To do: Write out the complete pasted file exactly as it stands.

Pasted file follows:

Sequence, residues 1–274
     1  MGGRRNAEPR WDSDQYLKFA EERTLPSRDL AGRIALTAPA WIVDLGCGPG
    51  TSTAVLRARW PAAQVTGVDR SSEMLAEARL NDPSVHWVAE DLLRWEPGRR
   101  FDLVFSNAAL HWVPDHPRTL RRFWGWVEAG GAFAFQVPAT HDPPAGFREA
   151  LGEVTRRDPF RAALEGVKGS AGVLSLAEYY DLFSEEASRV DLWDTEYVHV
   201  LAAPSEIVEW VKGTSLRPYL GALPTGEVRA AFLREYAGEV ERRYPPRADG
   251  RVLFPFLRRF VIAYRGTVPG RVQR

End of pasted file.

Sequence, residues 1–274
     1  MGGRRNAEPR WDSDQYLKFA EERTLPSRDL AGRIALTAPA WIVDLGCGPG
    51  TSTAVLRARW PAAQVTGVDR SSEMLAEARL NDPSVHWVAE DLLRWEPGRR
   101  FDLVFSNAAL HWVPDHPRTL RRFWGWVEAG GAFAFQVPAT HDPPAGFREA
   151  LGEVTRRDPF RAALEGVKGS AGVLSLAEYY DLFSEEASRV DLWDTEYVHV
   201  LAAPSEIVEW VKGTSLRPYL GALPTGEVRA AFLREYAGEV ERRYPPRADG
   251  RVLFPFLRRF VIAYRGTVPG RVQR